dropsy


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dropsy:

see edemaedema
, abnormal accumulation of fluid in the body tissues or in the body cavities causing swelling or distention of the affected parts. Edema of the ankles and lower legs (in ambulatory patients) is characteristic of congestive heart failure, but it can accompany other
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Dropsy

 

the accumulation of fluid (transudate) in the cavities, tissues, organs, joints, and membranes of the human body owing to intensified transudation of the liquid parts of the blood and lymph at the same time that they are insufficiently reabsorbed by the tissues. Dropsy may be caused by such conditions as cardiovascular diseases, tumors, renal disorders, malnutrition, and some types of poisoning. Dropsy may be local, general, or pseudo. Local dropsy generally develops when the veins in some part of the body become compressed. For example, obstruction or compression of the portal or femoral vein causes abdominal dropsy (ascites) or edema of the lower limb. Compression of the corresponding veins may give rise to thoracic dropsy (hydrothorax), dropsy of the testis (hydrocele), and other types. General dropsy may be caused by certain diseases. Thus, in heart disease, fluid accumulates in the lower parts of the body (cardiac edema). The edemas related to kidney disease, as well as starvation edemas, are formed evenly throughout the subcutaneous tissue (primarily in places with very loose subcutaneous tissue such as the eyelids and scrotum). Edematous skin is pale, smooth, dry, and shiny; in cardiac edemas it is bluish because of venous congestion. Indentations in the skin are produced by finger pressure. Pseudo dropsy is the name of the accumulation of fluid in the glandular or secretory cavities when their efferent ducts are blocked, for example, renal and uterine tube dropsy. Treatment involves the removal of the basic cause of dropsy.

dropsy

[′dräp·sē]
(medicine)

dropsy

Pathol a condition characterized by an accumulation of watery fluid in the tissues or in a body cavity
References in periodicals archive ?
In conclusion, irrespective of cause for dropsy of fetal membranes needs termination of pregnancy as a therapy, so consequences of this condition i.
Epidemic dropsy has been reported from time to time in various parts of India.
Dropsy cases were well-represented in the Rampart scandal.
I had the communal dropsy for a day and then I got the herpetology and then I claimed the strange liquors and slathered myself upon the lathe and then I got another disease called the blue coagulus.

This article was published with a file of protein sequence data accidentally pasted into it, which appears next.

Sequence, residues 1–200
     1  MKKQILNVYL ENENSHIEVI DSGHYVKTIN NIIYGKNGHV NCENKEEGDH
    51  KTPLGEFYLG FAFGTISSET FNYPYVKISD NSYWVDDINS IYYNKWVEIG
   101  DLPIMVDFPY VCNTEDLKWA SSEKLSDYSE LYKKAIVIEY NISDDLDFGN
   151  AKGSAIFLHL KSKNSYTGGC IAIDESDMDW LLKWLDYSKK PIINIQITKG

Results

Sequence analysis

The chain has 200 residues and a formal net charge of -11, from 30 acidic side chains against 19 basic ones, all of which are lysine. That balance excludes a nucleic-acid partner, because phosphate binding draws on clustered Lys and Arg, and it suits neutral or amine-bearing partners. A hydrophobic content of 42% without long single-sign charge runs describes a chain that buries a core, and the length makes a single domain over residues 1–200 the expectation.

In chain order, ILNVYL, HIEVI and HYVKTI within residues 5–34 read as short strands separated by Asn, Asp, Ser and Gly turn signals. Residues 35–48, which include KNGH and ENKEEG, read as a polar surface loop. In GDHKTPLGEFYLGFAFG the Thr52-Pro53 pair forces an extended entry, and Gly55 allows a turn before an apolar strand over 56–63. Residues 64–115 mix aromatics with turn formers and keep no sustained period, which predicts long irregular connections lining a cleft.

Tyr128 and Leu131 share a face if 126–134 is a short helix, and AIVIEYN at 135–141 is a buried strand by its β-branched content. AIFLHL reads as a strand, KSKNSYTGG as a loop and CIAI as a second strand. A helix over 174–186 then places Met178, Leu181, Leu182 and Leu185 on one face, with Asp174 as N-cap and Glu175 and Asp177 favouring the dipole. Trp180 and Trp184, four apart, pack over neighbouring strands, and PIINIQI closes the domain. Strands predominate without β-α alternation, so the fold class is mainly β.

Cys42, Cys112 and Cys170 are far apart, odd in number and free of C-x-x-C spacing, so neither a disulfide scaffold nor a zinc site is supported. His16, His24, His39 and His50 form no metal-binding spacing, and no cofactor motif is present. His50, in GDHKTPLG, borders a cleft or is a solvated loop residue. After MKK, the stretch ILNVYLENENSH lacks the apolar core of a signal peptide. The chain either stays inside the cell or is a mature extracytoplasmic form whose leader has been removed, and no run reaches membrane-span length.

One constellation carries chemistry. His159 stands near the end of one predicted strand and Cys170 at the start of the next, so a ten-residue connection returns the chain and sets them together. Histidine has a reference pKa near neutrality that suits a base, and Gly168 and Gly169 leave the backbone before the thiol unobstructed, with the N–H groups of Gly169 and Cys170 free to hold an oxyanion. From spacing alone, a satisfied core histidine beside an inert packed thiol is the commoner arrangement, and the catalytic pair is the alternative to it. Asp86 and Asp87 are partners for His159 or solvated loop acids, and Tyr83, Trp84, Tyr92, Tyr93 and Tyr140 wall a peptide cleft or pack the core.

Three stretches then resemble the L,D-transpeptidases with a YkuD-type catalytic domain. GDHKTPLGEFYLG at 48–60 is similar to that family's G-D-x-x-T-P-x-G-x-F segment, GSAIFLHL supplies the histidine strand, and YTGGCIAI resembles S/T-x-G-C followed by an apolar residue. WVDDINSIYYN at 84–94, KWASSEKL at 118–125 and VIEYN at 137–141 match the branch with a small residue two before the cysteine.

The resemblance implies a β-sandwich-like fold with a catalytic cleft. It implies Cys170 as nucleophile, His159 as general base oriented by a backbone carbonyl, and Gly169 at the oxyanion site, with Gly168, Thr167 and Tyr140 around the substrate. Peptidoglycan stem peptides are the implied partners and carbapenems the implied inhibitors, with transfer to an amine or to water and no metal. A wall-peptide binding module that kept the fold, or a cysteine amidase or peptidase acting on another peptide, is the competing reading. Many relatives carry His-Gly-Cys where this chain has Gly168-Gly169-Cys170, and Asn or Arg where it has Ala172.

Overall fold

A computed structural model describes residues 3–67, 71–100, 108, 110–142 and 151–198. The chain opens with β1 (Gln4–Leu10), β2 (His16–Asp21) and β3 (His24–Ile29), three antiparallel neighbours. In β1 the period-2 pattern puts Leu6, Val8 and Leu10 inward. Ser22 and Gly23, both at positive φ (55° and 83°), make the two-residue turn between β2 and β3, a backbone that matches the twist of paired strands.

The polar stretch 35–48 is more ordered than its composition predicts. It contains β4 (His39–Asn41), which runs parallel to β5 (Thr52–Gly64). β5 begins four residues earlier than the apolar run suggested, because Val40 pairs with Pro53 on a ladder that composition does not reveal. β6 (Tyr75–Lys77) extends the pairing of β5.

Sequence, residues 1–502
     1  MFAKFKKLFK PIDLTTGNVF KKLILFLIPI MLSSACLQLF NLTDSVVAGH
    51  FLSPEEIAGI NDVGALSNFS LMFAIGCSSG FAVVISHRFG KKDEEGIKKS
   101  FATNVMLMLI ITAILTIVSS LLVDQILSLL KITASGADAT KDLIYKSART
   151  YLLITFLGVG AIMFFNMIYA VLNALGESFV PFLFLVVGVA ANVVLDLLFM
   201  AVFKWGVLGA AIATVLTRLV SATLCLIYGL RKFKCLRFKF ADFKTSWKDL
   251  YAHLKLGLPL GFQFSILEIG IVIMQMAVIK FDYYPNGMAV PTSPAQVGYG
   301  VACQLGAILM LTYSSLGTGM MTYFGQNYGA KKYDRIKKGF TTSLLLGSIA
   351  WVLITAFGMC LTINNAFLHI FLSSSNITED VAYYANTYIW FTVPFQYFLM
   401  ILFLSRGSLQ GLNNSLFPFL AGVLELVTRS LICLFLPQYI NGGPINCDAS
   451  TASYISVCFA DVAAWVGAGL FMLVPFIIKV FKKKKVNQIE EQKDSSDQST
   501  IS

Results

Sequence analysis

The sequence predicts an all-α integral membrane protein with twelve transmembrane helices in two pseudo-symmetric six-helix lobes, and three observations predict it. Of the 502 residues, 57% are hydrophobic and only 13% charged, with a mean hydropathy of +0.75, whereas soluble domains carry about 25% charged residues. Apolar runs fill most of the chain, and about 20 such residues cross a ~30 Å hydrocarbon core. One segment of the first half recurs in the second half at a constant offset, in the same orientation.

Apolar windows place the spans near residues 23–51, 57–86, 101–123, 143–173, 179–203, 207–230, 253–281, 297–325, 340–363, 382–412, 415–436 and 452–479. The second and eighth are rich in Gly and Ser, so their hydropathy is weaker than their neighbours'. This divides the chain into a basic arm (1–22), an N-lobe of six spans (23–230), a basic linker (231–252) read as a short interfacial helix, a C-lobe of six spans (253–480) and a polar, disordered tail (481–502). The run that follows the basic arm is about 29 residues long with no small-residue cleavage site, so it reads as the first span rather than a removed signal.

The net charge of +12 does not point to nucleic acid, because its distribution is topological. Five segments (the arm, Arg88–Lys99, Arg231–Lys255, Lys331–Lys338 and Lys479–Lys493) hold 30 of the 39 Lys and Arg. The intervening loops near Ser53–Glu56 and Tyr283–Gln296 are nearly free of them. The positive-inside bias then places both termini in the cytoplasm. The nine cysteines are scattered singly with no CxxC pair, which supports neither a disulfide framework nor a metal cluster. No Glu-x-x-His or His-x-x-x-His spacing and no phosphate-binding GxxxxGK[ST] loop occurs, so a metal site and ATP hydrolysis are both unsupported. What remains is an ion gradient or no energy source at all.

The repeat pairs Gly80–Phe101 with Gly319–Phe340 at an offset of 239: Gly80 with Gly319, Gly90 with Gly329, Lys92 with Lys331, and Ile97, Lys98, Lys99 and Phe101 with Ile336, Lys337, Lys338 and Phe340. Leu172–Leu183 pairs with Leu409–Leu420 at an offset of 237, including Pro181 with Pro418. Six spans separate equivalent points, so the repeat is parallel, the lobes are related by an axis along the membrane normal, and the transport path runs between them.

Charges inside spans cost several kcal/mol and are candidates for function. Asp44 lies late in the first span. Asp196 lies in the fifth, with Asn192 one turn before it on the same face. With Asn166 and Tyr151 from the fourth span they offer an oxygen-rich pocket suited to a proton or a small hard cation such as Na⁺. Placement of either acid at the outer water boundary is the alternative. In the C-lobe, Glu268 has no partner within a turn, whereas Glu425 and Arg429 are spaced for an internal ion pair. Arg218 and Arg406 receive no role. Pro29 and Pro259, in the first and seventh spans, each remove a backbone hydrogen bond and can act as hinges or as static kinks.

Nohrnberg explores cantos XXIX-XXX of Dante's Inferno to conclude that greed and frivolous consumption result in society's physical, spiritual, and moral disfigurement as evidenced by leprosy, dropsy, and rabies.
You say the wrong thing, make a wrong move or have a touch of the emotional dropsy, perhaps.
Its general and traditional uses include: (i) Ornamental, (ii) social use in: religion and, superstitions (iii) Food uses include: sauce ingredients and spice and (iv) Medicinal application in diseases such as: arthritis, rheumatism, dropsy, swellings, oedema, gout and pain-killers [7].
These chants may not be familiar to you, each district had their own variations, but you may remember similar ones like this popular skipping chant: 1,2,3 O'Leary, 4,5,6 O'Leary, 7,8,9 O'Leary, 10 O'Leary, 11 O'Leary 1,2,3 upsy, 5,4,6 upsy, 7,8,9 upsy, 10 upsy, 11 upsy, 123 a dropsy, 456 a dropsy etc 123 a stouncy, 456 etc 123 a pearl-a-pecker etc Sometimes depending on whereabouts you were from, O'Leary would be pronounced O'Laira but there were any number of versions of the same chant.
Even a single plant part could be used for treatment of multiple ailments; for instance, the tubers of Lasia spinosa were used for blood purification, rheumatoid arthritis, encysted dropsy (abnormal collection of serous fluid in any sac or cyst), and eczema.
It is also used as remedy for narcotic poisons, convulsions, dyspeptic complaints and dropsy.
One anonymous writer supposed that their wholesome way of life freed them from "those indispositions our Luxury brings upon us," such as "gout, dropsy [edema], or gravel [kidney stones].
Ever since William Withering in England discovered in 1776 that digitalis helped dropsy, a disease related to the heart, it has been used as a heart medication.